Are Nerds the New Americans?

The definition of what Americans look like has changed over time. Nonetheless, because of historical figures and the media, Americans still tend to be characterized as accomplished white males. However, even white males can face discrimination. In Stuart Edge’s social experiment, a nerd (a socially constructed identity based on interests and looks) asks girls innocent questions until another, more “masculine” man approaches and makes fun of the nerd.

Because the nerd does not fit the standards of what Americans look like, he is singled out and mocked for his differences, such as his glasses or his word choice. This can also be seen in various movies and television shows, especially when comparing the reception towards nerds versus superheroes. Interestingly, the girls (in this case, the experiment’s subjects) come to the nerd’s defense even if it means going against the opinion of the other man. By accepting the nerd as he is, these girls are helping to redefine what Americans really are: diverse, varied, and unique.

In a time when fitness and looks are important in defining masculinity, is it possible for males that have “nerdy” traits to be considered attractive?

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2 thoughts on “Are Nerds the New Americans?

  1. That was an interesting video, but it did indirectly raise a couple of questions for me. As you noted, the questions were totally innocent. Do you think the reactions would have been different if he had started complimenting the girls’ appearance before the other guy stepped in? The man acting as the bully went out of his way to insult the nerd to his face, and the unattractiveness of those actions may have overrode however they actually felt about the nerd. Asking for directions didn’t make the girls uncomfortable, while the bully’s insults from out of the blue did. If the social awkwardness often associated with nerds made the girls a bit uncomfortable before the bully showed up, would they have responded differently to one of his less offensive remarks, like “Is this guy bothering you?” I still struggle to see a case where they react differently to the excessive insulting.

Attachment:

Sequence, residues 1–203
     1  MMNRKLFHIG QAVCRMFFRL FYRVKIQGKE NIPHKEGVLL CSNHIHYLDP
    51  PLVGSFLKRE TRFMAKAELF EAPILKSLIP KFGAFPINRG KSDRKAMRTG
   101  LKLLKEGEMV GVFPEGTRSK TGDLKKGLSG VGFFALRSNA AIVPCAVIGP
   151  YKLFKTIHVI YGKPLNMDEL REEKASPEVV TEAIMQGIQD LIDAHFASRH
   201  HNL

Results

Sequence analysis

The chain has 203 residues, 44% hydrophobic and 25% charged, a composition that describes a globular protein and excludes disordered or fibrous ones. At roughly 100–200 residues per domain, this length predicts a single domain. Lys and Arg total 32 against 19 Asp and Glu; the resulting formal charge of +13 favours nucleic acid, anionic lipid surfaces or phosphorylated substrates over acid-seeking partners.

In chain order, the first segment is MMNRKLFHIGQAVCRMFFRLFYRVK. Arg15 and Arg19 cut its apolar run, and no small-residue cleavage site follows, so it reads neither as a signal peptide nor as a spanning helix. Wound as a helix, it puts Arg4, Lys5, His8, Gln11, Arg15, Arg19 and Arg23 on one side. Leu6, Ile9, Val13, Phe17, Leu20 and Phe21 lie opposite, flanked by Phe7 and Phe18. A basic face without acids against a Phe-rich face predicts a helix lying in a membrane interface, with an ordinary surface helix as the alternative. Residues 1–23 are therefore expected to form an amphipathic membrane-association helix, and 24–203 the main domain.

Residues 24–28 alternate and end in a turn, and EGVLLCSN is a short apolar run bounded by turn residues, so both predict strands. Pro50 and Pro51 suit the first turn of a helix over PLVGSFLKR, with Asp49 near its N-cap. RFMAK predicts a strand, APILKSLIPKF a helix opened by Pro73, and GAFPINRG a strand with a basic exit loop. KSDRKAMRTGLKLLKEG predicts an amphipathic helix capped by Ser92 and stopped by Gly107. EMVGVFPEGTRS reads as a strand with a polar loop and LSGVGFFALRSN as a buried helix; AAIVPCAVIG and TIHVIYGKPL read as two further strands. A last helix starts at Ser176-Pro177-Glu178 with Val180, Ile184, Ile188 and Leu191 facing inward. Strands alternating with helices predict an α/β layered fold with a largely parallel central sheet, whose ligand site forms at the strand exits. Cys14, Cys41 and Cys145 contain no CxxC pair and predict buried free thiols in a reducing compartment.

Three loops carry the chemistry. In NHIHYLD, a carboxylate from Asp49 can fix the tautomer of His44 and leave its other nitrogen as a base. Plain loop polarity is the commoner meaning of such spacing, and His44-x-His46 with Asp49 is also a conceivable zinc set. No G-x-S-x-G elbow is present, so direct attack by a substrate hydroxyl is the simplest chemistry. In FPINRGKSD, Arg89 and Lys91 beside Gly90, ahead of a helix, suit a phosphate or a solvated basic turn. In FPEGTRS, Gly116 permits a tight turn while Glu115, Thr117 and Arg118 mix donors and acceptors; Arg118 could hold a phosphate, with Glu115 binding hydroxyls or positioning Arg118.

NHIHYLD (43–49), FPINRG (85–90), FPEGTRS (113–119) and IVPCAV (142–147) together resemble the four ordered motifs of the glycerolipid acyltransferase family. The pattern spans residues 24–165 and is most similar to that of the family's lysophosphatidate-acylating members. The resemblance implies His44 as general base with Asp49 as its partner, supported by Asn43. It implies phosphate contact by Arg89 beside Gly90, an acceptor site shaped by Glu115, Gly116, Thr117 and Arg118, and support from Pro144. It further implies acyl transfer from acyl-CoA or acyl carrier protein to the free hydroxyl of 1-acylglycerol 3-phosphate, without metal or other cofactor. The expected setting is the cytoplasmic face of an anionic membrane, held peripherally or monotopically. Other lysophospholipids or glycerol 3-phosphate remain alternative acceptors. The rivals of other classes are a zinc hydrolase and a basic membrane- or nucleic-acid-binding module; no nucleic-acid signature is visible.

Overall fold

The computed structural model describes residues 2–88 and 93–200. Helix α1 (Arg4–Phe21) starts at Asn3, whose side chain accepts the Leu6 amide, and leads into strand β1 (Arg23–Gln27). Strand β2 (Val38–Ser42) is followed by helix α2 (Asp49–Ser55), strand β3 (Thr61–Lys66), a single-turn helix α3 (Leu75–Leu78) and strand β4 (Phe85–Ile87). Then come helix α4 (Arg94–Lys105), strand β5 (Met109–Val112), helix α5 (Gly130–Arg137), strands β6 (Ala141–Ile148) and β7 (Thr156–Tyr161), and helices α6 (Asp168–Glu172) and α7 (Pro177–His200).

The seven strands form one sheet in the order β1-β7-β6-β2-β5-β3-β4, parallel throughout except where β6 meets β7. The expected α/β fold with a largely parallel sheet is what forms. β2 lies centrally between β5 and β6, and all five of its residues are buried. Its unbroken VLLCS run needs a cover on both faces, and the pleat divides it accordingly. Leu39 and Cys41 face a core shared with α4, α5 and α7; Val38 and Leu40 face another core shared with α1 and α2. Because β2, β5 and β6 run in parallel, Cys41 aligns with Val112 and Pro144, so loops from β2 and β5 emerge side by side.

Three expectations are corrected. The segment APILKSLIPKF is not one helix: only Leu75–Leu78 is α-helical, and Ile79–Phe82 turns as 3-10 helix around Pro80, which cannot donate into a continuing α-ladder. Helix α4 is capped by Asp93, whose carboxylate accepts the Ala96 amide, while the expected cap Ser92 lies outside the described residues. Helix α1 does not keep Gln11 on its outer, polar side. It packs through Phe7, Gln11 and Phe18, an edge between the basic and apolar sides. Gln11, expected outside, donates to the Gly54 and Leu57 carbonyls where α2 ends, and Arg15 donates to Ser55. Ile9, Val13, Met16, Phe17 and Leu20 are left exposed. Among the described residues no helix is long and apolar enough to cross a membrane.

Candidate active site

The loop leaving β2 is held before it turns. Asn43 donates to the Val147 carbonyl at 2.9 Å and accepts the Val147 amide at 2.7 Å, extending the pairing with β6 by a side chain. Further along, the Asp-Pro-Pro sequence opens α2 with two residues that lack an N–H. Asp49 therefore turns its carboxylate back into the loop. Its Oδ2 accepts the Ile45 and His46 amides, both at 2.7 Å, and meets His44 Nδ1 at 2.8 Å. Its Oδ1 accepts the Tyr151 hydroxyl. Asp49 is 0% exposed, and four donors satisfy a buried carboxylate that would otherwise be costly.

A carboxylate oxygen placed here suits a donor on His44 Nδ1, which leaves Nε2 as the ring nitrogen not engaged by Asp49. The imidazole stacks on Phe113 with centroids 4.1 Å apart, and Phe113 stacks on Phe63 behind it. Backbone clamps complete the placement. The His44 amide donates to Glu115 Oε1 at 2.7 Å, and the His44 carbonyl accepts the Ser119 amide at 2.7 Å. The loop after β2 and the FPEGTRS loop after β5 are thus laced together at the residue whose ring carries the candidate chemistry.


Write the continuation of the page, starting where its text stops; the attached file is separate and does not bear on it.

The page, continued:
I also wonder whether power played a factor in their actions. When asked why she was talking to the nerd, one of the girls replied something along the lines of “He’s lost.” The depiction of a nerd in that video can be characterized by “helpless”, and it is empowering to stand up for the helpless. It might be part of what makes nerds attractive to some women, although their sense of humor might be another factor, as could perceived intelligence. It all comes down to interests though, as two people who have contrasting interests probably won’t be attracted to each other. Still, I do think the negative stigma surrounding nerdiness is disappearing.

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  2. That was an interesting video, but it did indirectly raise a couple of questions for me. As you noted, the questions were totally innocent. Do you think the reactions would have been different if he had started complimenting the girls’ appearance before the other guy stepped in? The man acting as the bully went out of his way to insult the nerd to his face, and the unattractiveness of those actions may have overrode however they actually felt about the nerd. Asking for directions didn’t make the girls uncomfortable, while the bully’s insults from out of the blue did. If the social awkwardness often associated with nerds made the girls a bit uncomfortable before the bully showed up, would they have responded differently to one of his less offensive remarks, like “Is this guy bothering you?” I still struggle to see a case where they react differently to the excessive insulting.

    I also wonder whether power played a factor in their actions. When asked why she was talking to the nerd, one of the girls replied something along the lines of “He’s lost.” The depiction of a nerd in that video can be characterized by “helpless”, and it is empowering to stand up for the helpless. It might be part of what makes nerds attractive to some women, although their sense of humor might be another factor, as could perceived intelligence. It all comes down to interests though, as two people who have contrasting interests probably won’t be attracted to each other. Still, I do think the negative stigma surrounding nerdiness is disappearing.

    Like

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